From snapshot, to sketch, to final painting–here’s a sample of how I create my paintings. Not all happen this way but this is a process I find captures an inspiration, allows me to mull over the possibilities, and then sketch options and try out with various media. I generally do not know the color palette I will use when I begin to paint. I will have one key idea about the focal area that I want to retain and then I let the process of painting take over. I’ll make many decisions on the fly. some good. Some not so good. Exploring without knowing my end goal is my idea of great fun while creating each artwork. Visit my website to see more www.anntrainordomingue.com or email me at firstname.lastname@example.org to receive my newsletter.
Who would have thought a stroll after a nice dinner at the Lobster Pot would have captivated my artistic eye for so long. A quick snapshot taken one hot afternoon in Provincetown, MA has been the catalyst of many of my recent artworks. As with many other photos I have taken, as soon as one painting is completed I have another idea to improve/change/renovate the next one. On this one, with the advice of Mary Harding curator of the George Marshall Store Gallery in York, Maine, to “paint bigger” here is the results. Raking Light Across at 36×36 gave me the space and opportunity to really dig in and work on the layering of color and texture. It was a blast. More to come.
I love grays–they are very important colors–foggy, charcoal, steel, cool, warm, and Cape Cod grays. But what I really like in this snapshot is how gray creates background tones that contrast beautifully with all kinds of colors. From turquoise to soft peach to warm orange as in this photo. The various tones of grays of the shingles, boats, sand and misty air all combined to form an unusual color combination and one that I will be exploring in my paintings this winter.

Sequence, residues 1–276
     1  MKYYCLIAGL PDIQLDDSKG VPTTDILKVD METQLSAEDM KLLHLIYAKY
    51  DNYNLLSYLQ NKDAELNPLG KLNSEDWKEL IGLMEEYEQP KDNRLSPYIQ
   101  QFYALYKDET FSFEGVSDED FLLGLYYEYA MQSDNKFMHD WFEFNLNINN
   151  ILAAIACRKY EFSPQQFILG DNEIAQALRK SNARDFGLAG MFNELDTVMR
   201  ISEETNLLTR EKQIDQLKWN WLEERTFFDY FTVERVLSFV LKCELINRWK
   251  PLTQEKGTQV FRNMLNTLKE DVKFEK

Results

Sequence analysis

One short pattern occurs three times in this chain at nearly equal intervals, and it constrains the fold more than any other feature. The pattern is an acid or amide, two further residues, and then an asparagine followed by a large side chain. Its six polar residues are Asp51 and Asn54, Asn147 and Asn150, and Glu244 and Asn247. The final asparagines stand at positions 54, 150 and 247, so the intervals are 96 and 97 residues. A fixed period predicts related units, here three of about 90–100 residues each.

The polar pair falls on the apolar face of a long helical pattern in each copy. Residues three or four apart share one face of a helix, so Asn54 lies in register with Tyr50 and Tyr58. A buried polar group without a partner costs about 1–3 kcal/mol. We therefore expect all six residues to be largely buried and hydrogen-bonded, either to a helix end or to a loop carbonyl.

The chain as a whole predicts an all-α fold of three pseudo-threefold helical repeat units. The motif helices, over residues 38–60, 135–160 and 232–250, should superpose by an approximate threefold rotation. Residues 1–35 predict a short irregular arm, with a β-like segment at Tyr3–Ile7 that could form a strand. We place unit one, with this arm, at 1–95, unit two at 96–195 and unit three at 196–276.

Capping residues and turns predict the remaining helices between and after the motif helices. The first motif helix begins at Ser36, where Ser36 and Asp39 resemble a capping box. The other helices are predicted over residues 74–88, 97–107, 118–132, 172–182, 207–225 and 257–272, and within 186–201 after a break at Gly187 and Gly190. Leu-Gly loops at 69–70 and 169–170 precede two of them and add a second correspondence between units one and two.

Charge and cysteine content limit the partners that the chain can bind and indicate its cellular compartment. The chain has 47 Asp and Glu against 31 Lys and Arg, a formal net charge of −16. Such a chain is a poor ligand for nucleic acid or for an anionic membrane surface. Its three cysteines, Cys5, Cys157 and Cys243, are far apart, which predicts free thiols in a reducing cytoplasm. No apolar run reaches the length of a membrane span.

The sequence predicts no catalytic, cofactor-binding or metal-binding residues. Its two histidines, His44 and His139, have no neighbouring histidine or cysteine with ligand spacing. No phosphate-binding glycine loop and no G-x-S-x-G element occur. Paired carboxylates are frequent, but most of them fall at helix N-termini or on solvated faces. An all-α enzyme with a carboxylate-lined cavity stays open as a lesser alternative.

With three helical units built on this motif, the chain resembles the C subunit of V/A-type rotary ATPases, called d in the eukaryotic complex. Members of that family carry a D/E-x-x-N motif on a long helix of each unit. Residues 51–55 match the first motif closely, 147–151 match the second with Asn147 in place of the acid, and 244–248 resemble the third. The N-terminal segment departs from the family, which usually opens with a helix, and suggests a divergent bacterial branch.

Plein air painting as the tide gets closer to my feet.
As I catch up with my necessary duties as an artist (marketing, organizing, packing, shipping, emailing, inventorying, etc.), I am itching to get back in the studio to explore and play with the exciting new approaches to my art I discovered during my month-long residency at FAWC in Provincetown on Cape Cod. From toying with more abstract thinking to working without references, from meeting new faces to meeting famous faces–Paul Resika, Berta Walker, Constantine Manos–I have so much to internalize about my experience. Good thing the winter hibernation season is coming soon. Not that I hibernate of course. But those nice quiet snowfalls will be perfect backdrop as I dig deep into my thoughts.
Playing with heavy textures in my customary coastal theme.
Last summer I did a painting titled, Raking Light, a 36×36 that described a late afternoon low tide at a sandy beach in Provincetown. One small area of the painting approx. 5×5 inspired this enlargement at 24×24. I loved how the coarseness of the under-texture allowed the acrylic paint to sit up on top of the raised areas. And adding other color layers allowed those underneath to still peek through. Having fun creating new works this endless winter using this idea. No title as of yet. Ideas?
Scenes like this in coastal Maine–full of shapes and color, lines and forms, complex details and light–are scenes that I enjoy sorting out and abstracting elements to work with. I don’t know the exact outcome when I begin just that there are enough things that interest my imagination and then I begin the process of building a painting. See website for recent works http://www.anntrainordomingue.com
Thanks for stopping by. Hope you'll learn a bit about my art process and then visit my website or gallery links to see if you find a painting that speaks to you. I appreciate your support and for sharing my art.